‘Brought To Light’ – Mobile Photography / Art Interview with Lynette Sheppard from Hoolehua, Hawaii, US
Our ‘Brought to Light‘ interview section explores the mobile photographers and mobile artists behind their art. Each question has been carefully crafted and is designed to allow us to get to know them a little more intimately. To view others that we have published in this series, please go here.
Today we are featuring Lynette Sheppard, from Hoolehua, Hawaii, United States. Sheppard is an experienced mobile artist with an endearing spiritual quality to her images. Her art evokes introspection and in many ways reflects an overall predisposition to life. Rich colours play their part as we tune in to listen to the spiritual narratives. Sheppard has defined a way of cultivating and concentrating with transcendence directed to a connection, perhaps beyond ourselves. The stories that she presents within each image, make a difference, representing the universal landscape of art.
To view more of her work, please go here.
This body of work drew us to Lynette Sheppard…
All photos ©Lynette Sheppard
Describe a moment that changed your life
When I walked into the San Francisco Art Institute for the first time. The smell was so creative, a mix of turpentine, oil paint, clay, and developer, it just gobsmacked me. I knew I had to go there. It lived up to that smell and I loved every minute I spent there.
Describe a childhood photographic/art memory
My whole family was good at drawing and painting. I was the lone “uncreative” one. I was always so sure of that. One day, in art class, I forgot myself and just painted. My teacher praised it, held it up to the class, and chose it for an art show. She let me know that I actually was creative and I never doubted it again. Well, almost never. Ok, less often.
Describe your mobile studio
My mobile studio is wherever I am – it can be wandering the High Sierra or standing in line at the grocery store. That’s the beauty of mobile art – you can create anywhere.
What do you like to think about whilst creating images?
I don’t usually “think” because I like to be surprised by where an image takes me. I will usually begin processing with a favorite app and then try to sense what feeling emanates from it. I then choose apps that enhance that feeling. I love Knox Bronson’s quote “App the B*tch Til It Sings”. That said, it’s important that I know when a piece is finished and not take it too far.
Share one mobile photography/art tip
Try new apps or combinations so you don’t get stuck in a creative rut. It’s all too easy to continue that which has worked in the past and when I do that, I run the risk of becoming stale. I sometimes play with a new app or one I’ve rarely used just to explore – inevitably I will find something to use in a later image purposefully. I have over 200 apps so it’s easy to find one I’ve missed or forgotten. Thank heavens for the 250 Gb storage Apple now offers.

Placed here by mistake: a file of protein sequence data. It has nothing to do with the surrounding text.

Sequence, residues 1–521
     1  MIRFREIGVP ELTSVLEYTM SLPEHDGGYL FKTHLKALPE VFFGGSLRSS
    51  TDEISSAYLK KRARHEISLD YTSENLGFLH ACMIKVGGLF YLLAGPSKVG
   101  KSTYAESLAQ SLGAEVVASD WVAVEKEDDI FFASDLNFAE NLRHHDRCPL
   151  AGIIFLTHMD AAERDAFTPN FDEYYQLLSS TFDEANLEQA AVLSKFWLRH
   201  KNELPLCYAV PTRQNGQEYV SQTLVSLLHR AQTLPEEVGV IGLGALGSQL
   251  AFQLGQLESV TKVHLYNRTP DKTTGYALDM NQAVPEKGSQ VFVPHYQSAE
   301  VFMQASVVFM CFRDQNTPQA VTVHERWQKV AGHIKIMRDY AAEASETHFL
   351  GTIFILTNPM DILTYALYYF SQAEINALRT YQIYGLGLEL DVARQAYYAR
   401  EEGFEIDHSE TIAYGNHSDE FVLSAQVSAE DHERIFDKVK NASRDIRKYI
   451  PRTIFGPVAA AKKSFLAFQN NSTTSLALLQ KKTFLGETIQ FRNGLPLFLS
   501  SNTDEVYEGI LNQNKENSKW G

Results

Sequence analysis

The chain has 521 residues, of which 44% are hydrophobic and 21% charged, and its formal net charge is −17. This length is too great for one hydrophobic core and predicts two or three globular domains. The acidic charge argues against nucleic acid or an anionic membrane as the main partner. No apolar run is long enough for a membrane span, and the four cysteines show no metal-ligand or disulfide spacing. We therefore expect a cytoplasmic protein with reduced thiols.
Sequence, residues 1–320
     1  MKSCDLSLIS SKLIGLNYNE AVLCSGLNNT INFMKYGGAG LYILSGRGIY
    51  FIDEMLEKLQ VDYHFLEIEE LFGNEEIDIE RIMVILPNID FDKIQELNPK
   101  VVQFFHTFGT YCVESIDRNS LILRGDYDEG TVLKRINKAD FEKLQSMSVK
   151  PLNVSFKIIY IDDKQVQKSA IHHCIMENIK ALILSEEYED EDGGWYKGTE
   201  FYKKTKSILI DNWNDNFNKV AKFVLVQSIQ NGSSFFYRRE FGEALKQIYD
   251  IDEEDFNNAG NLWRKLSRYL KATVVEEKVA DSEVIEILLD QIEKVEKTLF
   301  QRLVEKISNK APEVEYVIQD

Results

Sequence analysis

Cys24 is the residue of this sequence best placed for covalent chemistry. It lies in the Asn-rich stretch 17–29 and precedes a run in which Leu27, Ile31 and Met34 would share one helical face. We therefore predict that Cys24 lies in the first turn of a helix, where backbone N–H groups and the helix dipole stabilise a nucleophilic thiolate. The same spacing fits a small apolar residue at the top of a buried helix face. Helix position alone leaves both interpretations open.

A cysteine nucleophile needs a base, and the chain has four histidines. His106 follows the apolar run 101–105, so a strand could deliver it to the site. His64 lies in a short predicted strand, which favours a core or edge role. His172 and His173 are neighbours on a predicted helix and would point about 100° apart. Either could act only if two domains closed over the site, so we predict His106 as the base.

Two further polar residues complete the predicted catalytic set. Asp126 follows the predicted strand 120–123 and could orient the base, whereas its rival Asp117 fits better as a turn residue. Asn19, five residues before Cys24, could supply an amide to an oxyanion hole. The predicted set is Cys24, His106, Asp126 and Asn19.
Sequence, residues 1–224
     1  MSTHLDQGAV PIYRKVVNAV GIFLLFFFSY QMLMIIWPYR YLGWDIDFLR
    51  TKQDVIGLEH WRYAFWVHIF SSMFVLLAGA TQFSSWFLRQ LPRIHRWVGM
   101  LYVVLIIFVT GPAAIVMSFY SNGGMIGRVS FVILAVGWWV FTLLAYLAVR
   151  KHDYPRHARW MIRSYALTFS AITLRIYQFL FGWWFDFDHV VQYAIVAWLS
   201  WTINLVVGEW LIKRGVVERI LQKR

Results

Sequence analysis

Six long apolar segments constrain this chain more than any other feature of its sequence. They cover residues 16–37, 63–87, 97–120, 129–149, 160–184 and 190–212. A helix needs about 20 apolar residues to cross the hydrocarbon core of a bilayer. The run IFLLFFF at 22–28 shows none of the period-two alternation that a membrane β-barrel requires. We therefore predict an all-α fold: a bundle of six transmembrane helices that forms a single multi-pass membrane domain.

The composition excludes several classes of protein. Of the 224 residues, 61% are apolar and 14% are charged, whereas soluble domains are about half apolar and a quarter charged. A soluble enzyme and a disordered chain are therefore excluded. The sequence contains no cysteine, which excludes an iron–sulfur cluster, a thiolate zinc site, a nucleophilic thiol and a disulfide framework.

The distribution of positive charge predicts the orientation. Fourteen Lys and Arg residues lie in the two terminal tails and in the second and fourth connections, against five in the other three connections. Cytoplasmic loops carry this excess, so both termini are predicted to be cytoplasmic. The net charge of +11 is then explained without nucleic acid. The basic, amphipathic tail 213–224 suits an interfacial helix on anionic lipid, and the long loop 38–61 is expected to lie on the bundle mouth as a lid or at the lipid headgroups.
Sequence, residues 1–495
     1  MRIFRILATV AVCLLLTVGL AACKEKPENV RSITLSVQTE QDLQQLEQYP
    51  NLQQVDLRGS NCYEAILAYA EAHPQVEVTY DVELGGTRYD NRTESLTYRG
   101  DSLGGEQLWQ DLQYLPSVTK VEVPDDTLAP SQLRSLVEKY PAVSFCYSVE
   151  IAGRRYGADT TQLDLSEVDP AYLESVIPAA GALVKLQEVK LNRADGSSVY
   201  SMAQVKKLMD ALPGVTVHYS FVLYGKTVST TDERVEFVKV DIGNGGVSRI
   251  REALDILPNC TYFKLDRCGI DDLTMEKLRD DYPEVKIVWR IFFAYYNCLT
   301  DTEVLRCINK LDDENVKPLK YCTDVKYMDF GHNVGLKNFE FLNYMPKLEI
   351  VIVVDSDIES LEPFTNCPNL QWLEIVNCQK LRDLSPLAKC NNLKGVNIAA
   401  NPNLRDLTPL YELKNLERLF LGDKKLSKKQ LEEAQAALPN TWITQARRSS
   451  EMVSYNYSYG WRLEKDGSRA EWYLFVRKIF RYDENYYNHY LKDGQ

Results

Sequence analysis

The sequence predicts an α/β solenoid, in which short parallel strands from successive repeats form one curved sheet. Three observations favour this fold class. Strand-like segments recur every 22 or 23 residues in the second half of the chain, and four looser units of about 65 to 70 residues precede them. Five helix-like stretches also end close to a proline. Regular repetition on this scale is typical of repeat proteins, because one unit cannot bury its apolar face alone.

What or who ignited your passion for mobile photography/art?
Well, first I’d have to credit Steve Jobs – the iPhone literally changed my photographic life. That passion grew exponentially as a result of a closed Facebook group of forty professional photographers. We shared all we were learning in those early mobile photography days – our enthusiasm created an amazing synergy and spurred the passion for all of us.
What is the most unusual subject you have photographed/painted?
Hmmm – maybe an abandoned woodcarver’s home in the rain forest of Molokai, Hawaii. As it melts into the landscape, details of the buildings become abstract pieces. It’s different every time I visit.
What are your favourite mobile photography accessories?
My Mophie Juice Pak and my Pop Socket for my iPhone 7+. My iPad and the Adonit stylus. Watershot Pro housing for my iPhone 5S (I kept it specifically for underwater shoots.).
Describe your dream photography assignment
These days, I am most interested in self-assignments. Actually, it feels like a co-creation with the Great Mystery – a subject will capture me and I will realized that it needs to be a series. I’m currently working on three self-assignments: Urban Butterflies, Portals, and Peekaboo Flowers.
What does mobile photography/art mean to you?
It means no limits to creativity. It means inspiration and exploration every day. it means joyfully climbing down a rabbit hole that leads me closer to that Great Mystery. And it means sharing all of that with my mobile photography students and watching them surpass their teacher.
Many thanks, Joanne, for all you do to promote and showcase mobile art photography.
While you’re here…
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